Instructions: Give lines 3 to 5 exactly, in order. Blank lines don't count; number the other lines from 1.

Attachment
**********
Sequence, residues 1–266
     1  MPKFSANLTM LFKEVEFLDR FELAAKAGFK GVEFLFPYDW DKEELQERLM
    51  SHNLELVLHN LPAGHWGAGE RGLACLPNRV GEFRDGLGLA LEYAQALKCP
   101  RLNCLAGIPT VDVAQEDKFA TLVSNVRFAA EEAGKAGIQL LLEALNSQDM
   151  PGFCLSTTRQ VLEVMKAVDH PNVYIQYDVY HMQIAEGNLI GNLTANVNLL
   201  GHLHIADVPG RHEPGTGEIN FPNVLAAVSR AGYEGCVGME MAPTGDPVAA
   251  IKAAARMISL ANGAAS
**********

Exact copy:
    51  SHNLELVLHN LPAGHWGAGE RGLACLPNRV GEFRDGLGLA LEYAQALKCP
   101  RLNCLAGIPT VDVAQEDKFA TLVSNVRFAA EEAGKAGIQL LLEALNSQDM
   151  PGFCLSTTRQ VLEVMKAVDH PNVYIQYDVY HMQIAEGNLI GNLTANVNLL